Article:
LATINO MENTAL HEALTH CAMPAIGN
"You, the popular movements, are sowers of change, promoters of a process involving millions of actions, great and small, creatively intertwined like words in a poem; that is why I wanted to call you “social poets".
The Latino Mental Health Campaign is a Hispanic-led movement to create a more just mental health system. We bring together a diverse group of people to collectively address the lack of bilingual and bicultural mental health services through a communal process of listening, learning, discernment, planning and action. Join us today and learn more about how you can be a part of this movement. Our monthly meetings are open to all Hispanics and anyone else who is interested in learning more about mental health issues and how to use our people power to address them together.
Social poets "work, propose, promote and liberate. They help make possible an integral human development that goes beyond “the idea of social policies being a policy for the poor, but never with the poor and never of the poor"
"The first right of the human person, the right to life, entails a right to the means for the proper development of life, such as adequate health care."
There is a severe lack of bilingual/bicultural mental health services and resources for the Hispanic community. While Oregon's mental health workforce, in general, is already in short supply, a recent report on access to mental health care in Oregon revealed that Spanish speakers make up 10% of licensed mental health providers and Latino providers represent only 3%. As of 2016, Hispanics made up 12% of the state's population. This means that “even if a provider speaks Spanish, Latinos may still encounter cultural barriers because the community is so diverse.” If language and cultural barriers aren't enough, many in the Hispanic community are also undocumented, uninsured, and low-income; all additional factors that further push them away from getting the help they need. By centering the Hispanic community we do not mean to dismiss or ignore other groups. Mental illness affects everyone, not just Hispanics. Rather we seek to strengthen the whole community by closing the access to mental health services gap that exists between the rich and the poor. Those who are marginalized and whose rights are denied have privileged claims if society is to provide justice for all. Moreover, working to increase access to linguistically and culturally relevant services helps everyone in the long haul.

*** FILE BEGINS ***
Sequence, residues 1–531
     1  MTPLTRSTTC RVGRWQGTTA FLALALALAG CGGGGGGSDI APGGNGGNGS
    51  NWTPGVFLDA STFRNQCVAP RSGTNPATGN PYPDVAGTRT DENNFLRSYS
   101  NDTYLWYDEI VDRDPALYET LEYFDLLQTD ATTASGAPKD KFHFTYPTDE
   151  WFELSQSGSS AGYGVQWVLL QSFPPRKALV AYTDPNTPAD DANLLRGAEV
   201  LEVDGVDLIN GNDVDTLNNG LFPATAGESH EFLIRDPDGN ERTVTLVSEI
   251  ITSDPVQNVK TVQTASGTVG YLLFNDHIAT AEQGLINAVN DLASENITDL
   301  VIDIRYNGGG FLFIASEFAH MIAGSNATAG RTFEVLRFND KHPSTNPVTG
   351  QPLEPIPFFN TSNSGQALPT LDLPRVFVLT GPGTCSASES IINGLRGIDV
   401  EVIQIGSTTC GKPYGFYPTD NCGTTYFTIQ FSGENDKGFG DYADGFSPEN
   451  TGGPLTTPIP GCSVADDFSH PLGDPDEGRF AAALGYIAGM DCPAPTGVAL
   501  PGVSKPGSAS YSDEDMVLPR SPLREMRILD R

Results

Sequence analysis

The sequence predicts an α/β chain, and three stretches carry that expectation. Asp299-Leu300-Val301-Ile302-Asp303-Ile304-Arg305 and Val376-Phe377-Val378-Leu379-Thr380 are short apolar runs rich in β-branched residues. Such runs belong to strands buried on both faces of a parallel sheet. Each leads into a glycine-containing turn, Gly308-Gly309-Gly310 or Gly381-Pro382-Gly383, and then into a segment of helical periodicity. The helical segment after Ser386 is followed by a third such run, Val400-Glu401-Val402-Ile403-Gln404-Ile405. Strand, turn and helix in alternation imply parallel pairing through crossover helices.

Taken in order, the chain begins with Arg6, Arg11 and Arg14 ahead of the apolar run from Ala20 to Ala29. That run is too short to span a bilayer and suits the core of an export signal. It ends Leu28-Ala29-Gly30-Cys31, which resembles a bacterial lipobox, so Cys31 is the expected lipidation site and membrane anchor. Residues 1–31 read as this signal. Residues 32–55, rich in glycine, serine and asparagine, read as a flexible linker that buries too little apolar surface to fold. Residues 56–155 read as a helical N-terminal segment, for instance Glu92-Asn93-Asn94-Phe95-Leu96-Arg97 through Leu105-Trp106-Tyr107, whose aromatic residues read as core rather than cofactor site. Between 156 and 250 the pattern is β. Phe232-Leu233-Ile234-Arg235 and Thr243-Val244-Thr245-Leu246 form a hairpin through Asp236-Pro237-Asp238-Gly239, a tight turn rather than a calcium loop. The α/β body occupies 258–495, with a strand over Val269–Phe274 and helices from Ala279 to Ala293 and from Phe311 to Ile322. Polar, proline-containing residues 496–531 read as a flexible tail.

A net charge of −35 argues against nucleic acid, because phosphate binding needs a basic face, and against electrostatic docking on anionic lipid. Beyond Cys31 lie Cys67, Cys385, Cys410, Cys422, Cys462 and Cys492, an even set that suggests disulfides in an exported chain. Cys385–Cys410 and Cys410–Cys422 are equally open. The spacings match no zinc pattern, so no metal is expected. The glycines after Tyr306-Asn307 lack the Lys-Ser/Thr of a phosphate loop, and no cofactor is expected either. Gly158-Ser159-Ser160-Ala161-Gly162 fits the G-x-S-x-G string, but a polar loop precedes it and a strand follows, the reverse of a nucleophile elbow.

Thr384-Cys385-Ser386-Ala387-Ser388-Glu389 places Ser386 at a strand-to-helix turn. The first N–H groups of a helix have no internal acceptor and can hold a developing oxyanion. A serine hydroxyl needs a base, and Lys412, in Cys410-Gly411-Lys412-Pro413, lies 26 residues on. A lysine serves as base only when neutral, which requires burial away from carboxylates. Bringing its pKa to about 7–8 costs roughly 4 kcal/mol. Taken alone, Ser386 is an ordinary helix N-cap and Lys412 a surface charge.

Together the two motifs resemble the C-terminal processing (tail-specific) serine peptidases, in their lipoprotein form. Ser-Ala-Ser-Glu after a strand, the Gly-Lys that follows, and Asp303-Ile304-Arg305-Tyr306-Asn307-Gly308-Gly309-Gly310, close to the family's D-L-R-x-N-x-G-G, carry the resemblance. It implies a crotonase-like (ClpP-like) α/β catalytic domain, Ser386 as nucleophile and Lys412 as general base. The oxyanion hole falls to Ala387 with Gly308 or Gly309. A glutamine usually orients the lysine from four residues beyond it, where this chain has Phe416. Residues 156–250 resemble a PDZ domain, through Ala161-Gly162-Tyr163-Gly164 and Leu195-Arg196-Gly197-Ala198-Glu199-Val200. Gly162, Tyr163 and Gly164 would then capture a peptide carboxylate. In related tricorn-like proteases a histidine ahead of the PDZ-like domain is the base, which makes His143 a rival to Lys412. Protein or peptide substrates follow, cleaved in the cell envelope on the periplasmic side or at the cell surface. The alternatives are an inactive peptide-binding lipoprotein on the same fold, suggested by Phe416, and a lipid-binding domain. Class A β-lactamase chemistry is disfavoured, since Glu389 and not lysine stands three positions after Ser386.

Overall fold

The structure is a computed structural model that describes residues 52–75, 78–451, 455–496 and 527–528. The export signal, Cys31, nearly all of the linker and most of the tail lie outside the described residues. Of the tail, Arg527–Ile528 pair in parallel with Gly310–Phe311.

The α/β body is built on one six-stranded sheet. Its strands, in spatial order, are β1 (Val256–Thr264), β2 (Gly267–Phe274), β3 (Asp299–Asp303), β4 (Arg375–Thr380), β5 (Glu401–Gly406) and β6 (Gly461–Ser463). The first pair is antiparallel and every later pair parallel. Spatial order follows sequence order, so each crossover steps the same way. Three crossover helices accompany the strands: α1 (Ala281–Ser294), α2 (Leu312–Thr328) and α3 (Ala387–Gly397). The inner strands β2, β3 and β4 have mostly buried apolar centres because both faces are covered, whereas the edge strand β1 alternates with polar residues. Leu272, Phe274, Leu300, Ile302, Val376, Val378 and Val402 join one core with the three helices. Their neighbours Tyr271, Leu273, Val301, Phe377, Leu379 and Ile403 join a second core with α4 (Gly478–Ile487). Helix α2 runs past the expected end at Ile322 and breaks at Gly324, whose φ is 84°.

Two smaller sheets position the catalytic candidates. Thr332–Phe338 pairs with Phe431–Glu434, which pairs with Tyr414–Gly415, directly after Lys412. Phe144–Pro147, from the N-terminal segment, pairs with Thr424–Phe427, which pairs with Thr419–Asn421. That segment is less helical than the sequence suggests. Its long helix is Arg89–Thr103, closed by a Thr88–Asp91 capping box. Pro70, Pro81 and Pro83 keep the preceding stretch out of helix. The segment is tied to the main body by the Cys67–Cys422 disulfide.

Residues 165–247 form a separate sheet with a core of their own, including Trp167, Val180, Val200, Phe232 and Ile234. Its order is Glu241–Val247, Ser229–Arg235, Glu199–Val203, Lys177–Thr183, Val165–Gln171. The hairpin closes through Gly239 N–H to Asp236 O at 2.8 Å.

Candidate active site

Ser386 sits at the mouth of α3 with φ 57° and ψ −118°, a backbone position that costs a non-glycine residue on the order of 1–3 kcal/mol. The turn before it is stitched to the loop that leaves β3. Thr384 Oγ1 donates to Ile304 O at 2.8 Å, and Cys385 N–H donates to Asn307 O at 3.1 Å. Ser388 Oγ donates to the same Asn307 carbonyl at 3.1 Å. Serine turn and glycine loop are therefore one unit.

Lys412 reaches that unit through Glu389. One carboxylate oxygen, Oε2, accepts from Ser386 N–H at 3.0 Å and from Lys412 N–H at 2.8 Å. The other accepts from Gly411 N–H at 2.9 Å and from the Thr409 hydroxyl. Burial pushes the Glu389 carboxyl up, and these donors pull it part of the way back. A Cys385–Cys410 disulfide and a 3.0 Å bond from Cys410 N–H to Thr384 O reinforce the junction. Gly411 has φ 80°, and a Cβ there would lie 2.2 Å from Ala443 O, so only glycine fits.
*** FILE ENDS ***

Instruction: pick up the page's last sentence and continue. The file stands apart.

"The primary purpose of this special commitment to the poor is to enable them to become active participants in the life of society. It is to enable all persons to share in and contribute to the common good."
- United States Conference of Catholic Bishops, Economic Justice for All, no. 88
This campaign is rooted in and guided by three key principles of Catholic Social Teaching:
When people in affected communities take leadership and work to address their own situations, their human dignity is affirmed.
All people have the right and responsibility to participate in the decisions that will affect their lives. The communities most affected by a problem have the wisdom, creativity, resources, and power to solve it.
What affects one directly affects all indirectly. Marginalized and privileged communities must work together in solidarity for the common good and well-being of all. We need everyone involved to make a lasting change. True solidarity seeks justice and peace. To permanently solve a problem, we must go beyond short, easy and simple solutions. The underlying structures or causes must be addressed through collective and organized efforts.
At the beginning of 2021, a small group of Hispanic women from St Anthony were invited to participate in the Intercommunity Peace & Justice Center 8-week program known as Women's Justice Circle (WJC). The WJC process enables women to identify and address the underlying causes of the issues facing them and their communities. The issue that this particular group of women chose to focus on was mental health. From then on, they began communicating and collaborating with bilingual providers to offer monthly mental health workshops in Spanish to educate our Hispanic community about mental health and begin eliminating the stigma. Then, in July of 2022, with the help of a grant from Washington County that the parish received, St Anthony's WJC organized a one-day bilingual mental health conference. While proud of their accomplishments, they knew that this still wasn't enough. They wanted to make a bigger and more lasting impact but they knew they needed help. Therefore, in November of 2022, at MACG's 20-year anniversary, before a crowd of approximately 100 people, they officially and publically announced their intention to develop a mental health campaign. They invited all in attendance to join them in discussing and identifying gaps in the system that is preventing the Hispanic community from thriving and actions that they can take together. The first campaign planning meeting was held on December 10th and has been meeting once a month since then.